American botanical expedition in the Himalayas stumbles across a Yeti den, capture one and transport it back to Los Angeles, where it escapes while customs officials are debating whether it is animal or human.
Paula the ape woman (Acquanetta) is alive and well, and running around a creepy old sanitarium run by the kindly Dr. Fletcher (J. Carrol Naish), also reverting to her true gorilla form ... See full summary »
Flamarion, expert marksman, is entertaining people in a show which features Connie, beautiful woman and her husband Al. Flamarion and Connie fall in love and decide to get rid of the ... See full summary »
Erich von Stroheim,
Mary Beth Hughes,
In this uncredited and apparently lost version of Robert Louis Stevenson's "The Strange Case of Dr. Jekyll and Mr. Hyde" the protagonist is Dr. Warren, who indulges his evil nature by ... See full summary »
Prof. Franz Mueller:
Would it not be the achievement of all time to keep the brains of great thinkers, scientists, authors, statesmen, alive? To derive benefit from their wisdom and thinking power, even after their death - to make them literally immortal?
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A short way into this film I realized that it is the same film that remade as "Donovan's Brain" (with Lew Ayers)--a very good movie. "The Lady and the Monster" is the original version of this story but based on the title you'd never know it--after all, there really is no monster in the film and it's not exactly a horror film...not exactly.
Erich Von Stroheim of all people plays the lead in this film. He's a not exactly mad scientist who has weird theories about keeping a brain alive after death--on the other hand, he sure ain't normal! He is a guardian for a rather hysterical young lady who is a bad actress (Vera Ralston--who was apparently sleeping with the head of the studio). And, he has an assistant (Richard Arlen) who can't make up his mind about the ethics of Von Stroheim's work.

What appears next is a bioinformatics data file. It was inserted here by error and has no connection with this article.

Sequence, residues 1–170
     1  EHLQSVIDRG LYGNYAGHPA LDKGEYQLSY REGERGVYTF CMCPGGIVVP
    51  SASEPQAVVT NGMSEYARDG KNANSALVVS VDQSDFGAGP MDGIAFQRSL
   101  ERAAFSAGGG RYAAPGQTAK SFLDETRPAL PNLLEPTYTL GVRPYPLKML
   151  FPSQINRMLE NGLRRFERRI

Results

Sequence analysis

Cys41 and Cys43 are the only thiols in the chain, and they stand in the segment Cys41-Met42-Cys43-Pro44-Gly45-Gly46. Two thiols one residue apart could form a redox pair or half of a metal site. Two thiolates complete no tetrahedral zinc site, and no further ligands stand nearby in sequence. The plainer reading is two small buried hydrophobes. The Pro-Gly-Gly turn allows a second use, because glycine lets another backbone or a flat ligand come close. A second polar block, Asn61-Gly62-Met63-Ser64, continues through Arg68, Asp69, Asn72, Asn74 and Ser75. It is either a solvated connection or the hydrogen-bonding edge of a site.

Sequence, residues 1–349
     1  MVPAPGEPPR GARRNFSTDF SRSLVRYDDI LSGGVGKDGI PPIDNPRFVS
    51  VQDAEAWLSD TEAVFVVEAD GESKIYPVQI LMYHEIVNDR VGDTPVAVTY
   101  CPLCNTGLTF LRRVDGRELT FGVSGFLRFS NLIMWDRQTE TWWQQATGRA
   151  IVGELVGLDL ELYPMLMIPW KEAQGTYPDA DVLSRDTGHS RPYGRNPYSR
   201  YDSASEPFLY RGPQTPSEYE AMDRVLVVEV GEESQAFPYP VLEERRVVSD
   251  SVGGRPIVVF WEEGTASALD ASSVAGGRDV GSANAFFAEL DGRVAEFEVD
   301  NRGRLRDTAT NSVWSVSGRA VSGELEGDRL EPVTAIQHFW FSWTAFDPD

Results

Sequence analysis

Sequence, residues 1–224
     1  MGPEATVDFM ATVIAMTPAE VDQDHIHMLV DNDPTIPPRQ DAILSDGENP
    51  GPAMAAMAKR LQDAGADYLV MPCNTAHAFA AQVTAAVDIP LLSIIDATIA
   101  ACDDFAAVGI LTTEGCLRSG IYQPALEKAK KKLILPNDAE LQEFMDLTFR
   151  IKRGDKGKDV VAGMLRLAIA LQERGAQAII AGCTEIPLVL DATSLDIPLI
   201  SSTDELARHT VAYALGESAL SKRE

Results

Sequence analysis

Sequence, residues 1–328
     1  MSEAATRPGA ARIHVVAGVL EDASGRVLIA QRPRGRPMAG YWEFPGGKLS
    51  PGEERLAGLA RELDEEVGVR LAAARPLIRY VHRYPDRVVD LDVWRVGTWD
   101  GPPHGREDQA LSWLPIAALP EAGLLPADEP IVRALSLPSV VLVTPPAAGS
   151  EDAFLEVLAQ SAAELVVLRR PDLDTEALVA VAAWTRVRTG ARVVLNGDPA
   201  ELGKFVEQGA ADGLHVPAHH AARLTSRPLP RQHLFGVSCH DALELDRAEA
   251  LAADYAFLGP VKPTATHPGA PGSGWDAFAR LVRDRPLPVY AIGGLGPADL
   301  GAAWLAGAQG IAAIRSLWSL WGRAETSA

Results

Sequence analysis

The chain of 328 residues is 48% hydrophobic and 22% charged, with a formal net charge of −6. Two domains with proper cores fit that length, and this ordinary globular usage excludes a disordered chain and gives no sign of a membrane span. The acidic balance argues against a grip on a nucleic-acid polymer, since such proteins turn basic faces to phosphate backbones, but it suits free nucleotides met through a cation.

One day, an actual human subject falls into Von Stroheim's lap, so to speak. There was an accident and he was called in to treat the victims--one of which was a rich and powerful man, Mr. Donovan. He and Arlen 'borrow' the brain when Donovan dies--unethical, sure, but probably not a bad thing...or is it?! The experiment turns out to be a great success--the brain is kept alive for many days. However, something weird happens--the brain begins to show amazing powers--powers to control Arlen and Von Stroheim!
As I said above, this isn't exactly a horror film. While it has some elements, the story is a but more understated and the scientists aren't quite mad enough to qualify it as a horror film. I think of it more as 'horror lite'. I enjoyed the film, for the most part, but also think the film needed a bit more polish and a few changes. The biggest problem was Ralston's character. Throughout much of the early part of the film she seemed really high-strung and went on and on about how horrible Von Stroheim was---even though he hadn't really done anything yet! It just made little sense--nor did her usual bizarre delivery of her lines. Apart from that the film was good but did seem to meander a bit here and there. As a result, and I RARELY say this, I really think the remake was a better film--and with a much more appropriate title.
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